And, despite harsh rhetoric by leaders that followed, from Barak Obama to Germany’s Angela Merkel and a succession of French Presidents, each will be shown to have failed to face reality by steadfastly refusing to believe Putin’s own warnings, repeated many times and many places, in many places. Putin never hid his ambitions to both humiliate the West for having caused the collapse of the Soviet Union and rebuild a new Russian empire by absorbing former Soviet Republics and Warsaw Pact countries back into his sphere of influence. Now Western politicians will be left trying to hide from their long records of subsidising Putin’s aggressions, murders, poisonings, jailing of democracy advocates and sabotaging European security and stability.
Now, however, is not the time for recriminations on the consistent failure of the West to treat Putin as the brutal, murderous dictator he has yet again proven himself to be. Nor is it the moment to wonder aloud or remind the world that the West steadfastly refused to treat Russia as the State sponsor of terror that is has been and continues to be today. Alas, even wondering why the West took half-measures over the past few months that Russia would once again take as half-hearted support for Ukraine and the kind of weakness that invites the use of force, is time better spent at present.
Now is the time for unity, solidarity and determination. The West now has a choice – because a positive agent for change or shirk-off the mantle of the past made from cloth adverse to sacrifice and clothe itself in armour prepared for defense and yes, offense when necessary. The existential question of Ukraine is now squarely before us. The question now remains, “What will happen to Georgia, Poland, the Baltics and the rest of Europe“? If anyone believes Putin will be satiated by devouring Ukraine they are sorely mistaken.
The hour demands that the world finally dispense with the notion that sanctions will liberate Ukraine. Despite sanctions regimes, some of which have endured for more than half-a-century, they have utterly failed to effect any real change in Cuba, Cyprus, Iran, Russia or North Korea. The world is more dangerous today specifically because we have lulled ourselves into believing that criminal authoritarians and the regimes they lead can be dealt with as equals, even when they have repeatedly shown themselves to be unreliable and have nothing but contempt for a rules-based world order. Even proponents of sanctions must surely admit the collective unwillingness to absorb the pain of truly crushing crushing sanctions that could produce real change has made them meaningless instruments of change and simply reduced them to punitive measures that mistakenly allow the West to feel they have met their moral obligations.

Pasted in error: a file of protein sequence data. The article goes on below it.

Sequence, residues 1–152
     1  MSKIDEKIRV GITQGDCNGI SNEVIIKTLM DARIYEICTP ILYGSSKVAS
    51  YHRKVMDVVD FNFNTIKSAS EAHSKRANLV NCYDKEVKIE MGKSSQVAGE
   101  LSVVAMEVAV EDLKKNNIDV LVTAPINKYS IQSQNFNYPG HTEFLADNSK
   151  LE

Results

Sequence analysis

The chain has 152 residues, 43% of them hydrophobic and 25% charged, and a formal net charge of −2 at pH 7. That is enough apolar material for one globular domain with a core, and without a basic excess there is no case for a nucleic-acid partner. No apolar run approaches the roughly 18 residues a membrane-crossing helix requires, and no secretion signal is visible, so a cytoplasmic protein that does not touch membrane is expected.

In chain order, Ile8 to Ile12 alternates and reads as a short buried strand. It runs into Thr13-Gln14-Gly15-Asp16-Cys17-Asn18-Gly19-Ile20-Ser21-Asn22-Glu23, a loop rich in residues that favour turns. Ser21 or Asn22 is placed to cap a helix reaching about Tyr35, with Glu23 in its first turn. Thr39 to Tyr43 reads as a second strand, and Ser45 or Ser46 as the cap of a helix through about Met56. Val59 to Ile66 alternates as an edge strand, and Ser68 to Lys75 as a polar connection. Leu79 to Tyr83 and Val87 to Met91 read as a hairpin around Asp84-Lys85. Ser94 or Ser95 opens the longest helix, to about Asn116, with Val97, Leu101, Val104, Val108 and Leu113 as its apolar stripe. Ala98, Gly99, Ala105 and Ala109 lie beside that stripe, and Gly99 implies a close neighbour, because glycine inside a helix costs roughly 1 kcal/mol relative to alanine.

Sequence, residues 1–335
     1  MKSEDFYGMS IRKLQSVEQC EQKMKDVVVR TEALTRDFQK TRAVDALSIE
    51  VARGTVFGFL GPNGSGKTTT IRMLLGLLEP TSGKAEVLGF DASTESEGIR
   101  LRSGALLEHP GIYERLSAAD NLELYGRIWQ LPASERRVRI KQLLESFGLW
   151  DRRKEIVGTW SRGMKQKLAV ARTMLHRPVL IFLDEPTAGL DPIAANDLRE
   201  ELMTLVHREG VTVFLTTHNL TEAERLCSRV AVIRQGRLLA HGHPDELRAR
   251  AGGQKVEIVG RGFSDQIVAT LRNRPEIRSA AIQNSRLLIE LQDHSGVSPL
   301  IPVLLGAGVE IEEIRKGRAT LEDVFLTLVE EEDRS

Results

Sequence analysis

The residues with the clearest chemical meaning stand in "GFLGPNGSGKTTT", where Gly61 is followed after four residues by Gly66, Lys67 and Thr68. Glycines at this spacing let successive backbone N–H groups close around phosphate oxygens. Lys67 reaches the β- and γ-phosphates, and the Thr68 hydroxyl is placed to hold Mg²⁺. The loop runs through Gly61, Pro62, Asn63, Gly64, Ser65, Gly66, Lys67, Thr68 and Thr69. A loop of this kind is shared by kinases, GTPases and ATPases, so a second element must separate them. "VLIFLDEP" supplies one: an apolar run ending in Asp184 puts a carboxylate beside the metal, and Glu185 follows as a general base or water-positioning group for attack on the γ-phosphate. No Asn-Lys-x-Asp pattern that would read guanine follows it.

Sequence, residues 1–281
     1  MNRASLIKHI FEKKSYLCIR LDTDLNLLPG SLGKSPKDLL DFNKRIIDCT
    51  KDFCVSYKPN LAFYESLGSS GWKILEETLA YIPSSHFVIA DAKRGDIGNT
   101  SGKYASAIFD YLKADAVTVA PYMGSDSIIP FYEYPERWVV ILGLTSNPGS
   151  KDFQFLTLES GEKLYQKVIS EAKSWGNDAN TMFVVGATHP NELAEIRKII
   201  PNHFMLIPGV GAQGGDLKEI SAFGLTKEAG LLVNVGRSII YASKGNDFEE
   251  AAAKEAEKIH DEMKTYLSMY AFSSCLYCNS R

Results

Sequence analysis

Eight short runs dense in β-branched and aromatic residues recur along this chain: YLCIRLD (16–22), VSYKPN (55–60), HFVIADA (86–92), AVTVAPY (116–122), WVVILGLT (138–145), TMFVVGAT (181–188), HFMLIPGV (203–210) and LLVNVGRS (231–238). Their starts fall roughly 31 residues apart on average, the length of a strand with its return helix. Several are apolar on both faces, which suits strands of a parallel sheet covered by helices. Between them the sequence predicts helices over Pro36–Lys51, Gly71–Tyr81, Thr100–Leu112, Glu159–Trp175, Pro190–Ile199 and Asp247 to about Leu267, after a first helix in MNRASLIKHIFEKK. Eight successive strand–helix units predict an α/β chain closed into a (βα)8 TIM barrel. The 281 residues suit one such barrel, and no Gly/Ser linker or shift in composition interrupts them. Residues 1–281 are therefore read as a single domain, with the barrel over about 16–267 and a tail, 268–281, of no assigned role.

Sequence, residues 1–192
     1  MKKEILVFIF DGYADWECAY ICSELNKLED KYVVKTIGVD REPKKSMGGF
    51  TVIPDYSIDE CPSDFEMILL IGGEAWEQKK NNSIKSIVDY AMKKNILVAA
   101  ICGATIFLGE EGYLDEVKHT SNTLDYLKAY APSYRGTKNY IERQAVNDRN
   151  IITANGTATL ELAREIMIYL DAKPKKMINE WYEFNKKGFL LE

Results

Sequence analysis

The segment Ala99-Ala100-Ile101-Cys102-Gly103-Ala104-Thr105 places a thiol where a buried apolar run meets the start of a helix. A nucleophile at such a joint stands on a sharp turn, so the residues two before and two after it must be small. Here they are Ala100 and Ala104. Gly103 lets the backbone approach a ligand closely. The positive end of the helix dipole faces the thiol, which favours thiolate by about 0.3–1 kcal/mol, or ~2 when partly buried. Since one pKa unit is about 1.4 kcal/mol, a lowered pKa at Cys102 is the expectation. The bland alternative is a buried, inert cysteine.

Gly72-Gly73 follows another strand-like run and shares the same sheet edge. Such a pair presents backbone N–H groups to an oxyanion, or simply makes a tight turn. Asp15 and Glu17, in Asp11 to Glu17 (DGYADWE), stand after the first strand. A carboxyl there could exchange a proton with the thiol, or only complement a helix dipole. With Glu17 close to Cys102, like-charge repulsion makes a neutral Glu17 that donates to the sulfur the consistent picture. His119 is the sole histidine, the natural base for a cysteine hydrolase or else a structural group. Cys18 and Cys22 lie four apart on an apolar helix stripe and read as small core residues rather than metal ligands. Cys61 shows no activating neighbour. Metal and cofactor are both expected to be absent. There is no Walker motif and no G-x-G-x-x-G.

Now is not the time to send helmets or hospital beds. Now is not the time to withhold the shipment of defensive weapons. Now is the time for action. If Ukraine is lost, the increasingly numerous despot countries around the globe will realise that aggression does pay and threats of half-measures are not real deterrents. The West must confront its complicity in refusing to suffer any pain. Ukraine’s security has been sacrificed and all of Europe put at-risk because of our unquenchable appetite for cheap energy resources. We have forfeited our claim to moral certitude because today Europe will continue to have little choice but to continue to buy Russian energy products (at grossly inflated prices) knowing only full well they Euros paid for them will be used for Russian bullets and bombs in their attempt to erase Ukraine from the world map. Western hypocrisy, fear and political weakness has not left Europe in a position where it has little choice but to pay for Russian energy with the knowledge its own money will be spent to undermine its very institutions and values. Europe is now crowd-funding for its own demise.
What is now abundantly risk is the future of Europe, freedom, democracy, human rights and the destiny of humanity. Anyone who characterises this a an assault limited to Ukraine and proposes Europe stand back and hope sanctions work is divorced from reality. Will Europe once again be weighed and found wanting or will it bare the burden of this generation? Or, will Europe actually defend its values, laws, rights and future by rising to the occasion and refusing to allow Ukraine to disappear? It is not too late to make a determined stand.